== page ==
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Babesia bovis is an apicomplexan tick-transmitted pathogen of cattle imposing a global risk and severe constraints to livestock health and economic development. The complete genome sequence was undertaken to facilitate vaccine antigen discovery, and to allow for comparative analysis with the related apicomplexan hemoprotozoa Theileria parva and Plasmodium(More)
Golden retriever muscular dystrophy (GRMD) is an excellent model for the study of the efficacy of gene therapy in dystrophin deficient myopathies for there are many similarities between affected dogs and Duchenne muscular dystrophy (DMD) in boys. GRMD is not caused by deletion mutation but results from a point mutation in the consensus splice acceptor in(More)
McArdle's disease is due to a genetic deficiency of glycogen phosphorylase and results in a lack of glucose mobilization from glycogen during anaerobic exercise. A genetic defect in Merino sheep produces a similar picture. We constructed a first-generation adenoviral recombinant containing the full-length human phosphorylase cDNA under the control of the(More)
The complex life cycle of Babesia bovis includes erythrocytic stages in the bovine host and other stages occurring inside its common tick vector Rhipicephalus microplus. In related apicomplexa, changing environmental conditions affect the expression of ribosomal RNA, but it remained unknown whether the polymorphic A, B, and C rRNA coding units of B. bovis(More)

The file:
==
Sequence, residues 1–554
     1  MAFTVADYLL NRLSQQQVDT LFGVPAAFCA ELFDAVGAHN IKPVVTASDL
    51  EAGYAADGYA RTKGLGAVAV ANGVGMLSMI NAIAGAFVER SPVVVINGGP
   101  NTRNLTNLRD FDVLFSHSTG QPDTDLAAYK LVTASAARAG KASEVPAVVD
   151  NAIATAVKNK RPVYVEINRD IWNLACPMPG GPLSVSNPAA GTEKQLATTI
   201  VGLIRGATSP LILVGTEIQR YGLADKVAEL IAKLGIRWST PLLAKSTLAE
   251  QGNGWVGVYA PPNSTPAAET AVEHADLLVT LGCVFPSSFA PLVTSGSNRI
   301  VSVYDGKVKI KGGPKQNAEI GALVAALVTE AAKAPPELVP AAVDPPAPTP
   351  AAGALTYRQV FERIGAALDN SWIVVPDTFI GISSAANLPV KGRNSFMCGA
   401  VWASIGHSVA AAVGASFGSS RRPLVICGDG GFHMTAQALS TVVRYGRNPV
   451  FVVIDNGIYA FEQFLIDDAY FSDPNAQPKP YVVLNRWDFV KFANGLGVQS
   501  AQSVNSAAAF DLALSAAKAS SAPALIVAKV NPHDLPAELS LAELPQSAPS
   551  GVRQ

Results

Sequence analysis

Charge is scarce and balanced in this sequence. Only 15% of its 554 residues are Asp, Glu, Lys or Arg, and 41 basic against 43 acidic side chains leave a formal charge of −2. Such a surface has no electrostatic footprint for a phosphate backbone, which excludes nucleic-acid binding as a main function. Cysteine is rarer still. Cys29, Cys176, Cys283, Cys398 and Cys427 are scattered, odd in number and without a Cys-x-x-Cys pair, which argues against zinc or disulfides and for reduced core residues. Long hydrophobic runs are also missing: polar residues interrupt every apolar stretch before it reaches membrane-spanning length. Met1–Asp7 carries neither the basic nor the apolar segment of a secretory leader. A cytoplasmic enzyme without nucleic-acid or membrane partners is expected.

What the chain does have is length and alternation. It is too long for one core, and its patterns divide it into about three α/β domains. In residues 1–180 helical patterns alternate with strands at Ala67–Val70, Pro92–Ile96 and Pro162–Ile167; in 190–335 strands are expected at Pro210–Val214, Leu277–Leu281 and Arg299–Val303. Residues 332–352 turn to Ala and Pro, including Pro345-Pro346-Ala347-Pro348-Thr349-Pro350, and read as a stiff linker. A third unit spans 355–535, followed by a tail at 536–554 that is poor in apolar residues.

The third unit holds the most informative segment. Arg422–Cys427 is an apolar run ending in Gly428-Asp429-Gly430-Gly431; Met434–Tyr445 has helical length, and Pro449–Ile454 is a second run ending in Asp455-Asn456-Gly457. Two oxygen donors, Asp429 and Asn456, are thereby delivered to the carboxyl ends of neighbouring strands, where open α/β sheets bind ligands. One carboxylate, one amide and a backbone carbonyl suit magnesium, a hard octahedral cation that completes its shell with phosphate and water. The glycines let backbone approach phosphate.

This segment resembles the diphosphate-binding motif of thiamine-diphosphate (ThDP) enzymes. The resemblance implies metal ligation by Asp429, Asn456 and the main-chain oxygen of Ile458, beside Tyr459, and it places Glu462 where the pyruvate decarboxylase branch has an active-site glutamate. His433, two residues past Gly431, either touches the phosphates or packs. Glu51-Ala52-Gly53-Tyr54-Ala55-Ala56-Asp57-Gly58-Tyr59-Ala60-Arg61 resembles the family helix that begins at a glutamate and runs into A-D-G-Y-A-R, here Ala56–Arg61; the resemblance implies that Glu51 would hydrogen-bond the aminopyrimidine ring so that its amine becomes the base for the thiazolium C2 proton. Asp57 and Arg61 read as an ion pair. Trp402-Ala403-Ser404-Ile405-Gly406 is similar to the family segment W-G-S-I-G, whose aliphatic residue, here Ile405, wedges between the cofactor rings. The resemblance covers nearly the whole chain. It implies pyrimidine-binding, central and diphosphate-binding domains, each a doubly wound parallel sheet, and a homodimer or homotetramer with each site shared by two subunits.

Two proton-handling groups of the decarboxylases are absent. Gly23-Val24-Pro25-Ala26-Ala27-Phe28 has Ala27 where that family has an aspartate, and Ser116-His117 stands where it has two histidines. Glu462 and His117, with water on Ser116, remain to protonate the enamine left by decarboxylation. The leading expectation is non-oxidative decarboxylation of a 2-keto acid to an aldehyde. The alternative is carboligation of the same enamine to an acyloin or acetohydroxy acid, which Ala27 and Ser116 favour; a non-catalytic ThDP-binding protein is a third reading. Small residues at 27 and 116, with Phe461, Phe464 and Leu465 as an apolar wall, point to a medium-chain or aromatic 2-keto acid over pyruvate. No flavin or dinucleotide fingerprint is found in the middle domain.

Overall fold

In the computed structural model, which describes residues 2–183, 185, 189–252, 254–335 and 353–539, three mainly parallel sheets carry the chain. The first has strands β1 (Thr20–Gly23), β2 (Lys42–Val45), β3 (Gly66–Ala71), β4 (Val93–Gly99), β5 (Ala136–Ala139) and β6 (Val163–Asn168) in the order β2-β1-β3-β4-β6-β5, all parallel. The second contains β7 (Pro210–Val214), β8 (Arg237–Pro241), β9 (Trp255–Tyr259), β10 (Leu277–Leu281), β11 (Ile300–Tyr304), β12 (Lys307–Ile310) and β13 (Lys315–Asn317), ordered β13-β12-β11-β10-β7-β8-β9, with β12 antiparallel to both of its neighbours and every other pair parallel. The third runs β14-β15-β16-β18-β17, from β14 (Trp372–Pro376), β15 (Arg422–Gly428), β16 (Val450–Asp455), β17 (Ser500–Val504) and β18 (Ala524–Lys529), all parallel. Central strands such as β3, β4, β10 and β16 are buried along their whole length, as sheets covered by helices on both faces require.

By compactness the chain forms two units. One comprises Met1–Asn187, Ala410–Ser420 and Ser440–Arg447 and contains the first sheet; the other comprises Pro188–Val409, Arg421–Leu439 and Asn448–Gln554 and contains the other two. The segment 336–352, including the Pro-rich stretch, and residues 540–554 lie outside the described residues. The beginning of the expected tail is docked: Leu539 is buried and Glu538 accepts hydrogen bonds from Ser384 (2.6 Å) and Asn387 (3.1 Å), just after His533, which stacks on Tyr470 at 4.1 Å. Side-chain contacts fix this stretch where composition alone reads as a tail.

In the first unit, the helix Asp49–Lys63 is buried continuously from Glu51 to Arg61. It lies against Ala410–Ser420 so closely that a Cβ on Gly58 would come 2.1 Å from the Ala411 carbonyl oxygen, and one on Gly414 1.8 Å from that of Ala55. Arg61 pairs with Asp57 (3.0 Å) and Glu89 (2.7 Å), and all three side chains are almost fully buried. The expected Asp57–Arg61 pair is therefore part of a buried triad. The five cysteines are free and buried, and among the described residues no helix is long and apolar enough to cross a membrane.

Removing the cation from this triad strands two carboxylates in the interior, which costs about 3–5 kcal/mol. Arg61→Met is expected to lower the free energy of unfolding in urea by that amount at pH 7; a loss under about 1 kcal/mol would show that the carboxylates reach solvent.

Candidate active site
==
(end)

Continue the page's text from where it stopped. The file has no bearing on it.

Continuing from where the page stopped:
Fatty acid amide hydrolase (FAAH) is critical for degradation of several important fatty acid amides including anandamide, an endocannabinoid, as well as oleamide, a sleep-inducing factor. These compounds play roles in diverse physiological processes ranging from memory and learning to the regulation of blood pressure. The mechanisms that regulate FAAH(More)
Gene therapy for inherited muscle disease is an active area of research and development. Initial emphasis has been on gene replacement but alternative approaches are increasingly being considered in order to overcome difficulties, such as the immune rejection of transduced cells, the need for appropriate and tissue-specific control of expression, and the(More)
The molecular defect in Shorthorn cattle affected with glycogenosis type II was studied. Polyclonal and monoclonal antibodies specific for bovine skeletal muscle acid alpha-glucosidase were raised and used to study the molecular and biochemical defect in seven affected animals. Cultured normal bovine fibroblasts pulsed and chased with [3H] leucine produced(More)
Adding acid alpha-glucosidase to cultures of Pompe's disease muscle has resulted in enzyme uptake and reduction in concentration of glycogen. However, bone marrow transplantation has been unsuccessful as a treatment. Immune rejection may have contributed to this failure. Twin calves share a placenta and carry lymphoreticular cells of each other's type, they(More)
Progressive changes in acid alpha-glucosidase activity, glycogen content and light microscopical and ultrastructural features in skeletal muscle of calves affected by generalized glycogenosis type II were assessed in biopsies from semitendinosus muscle of nine affected, twenty-six carrier and fifteen normal calves taken at varying times between birth and 17(More)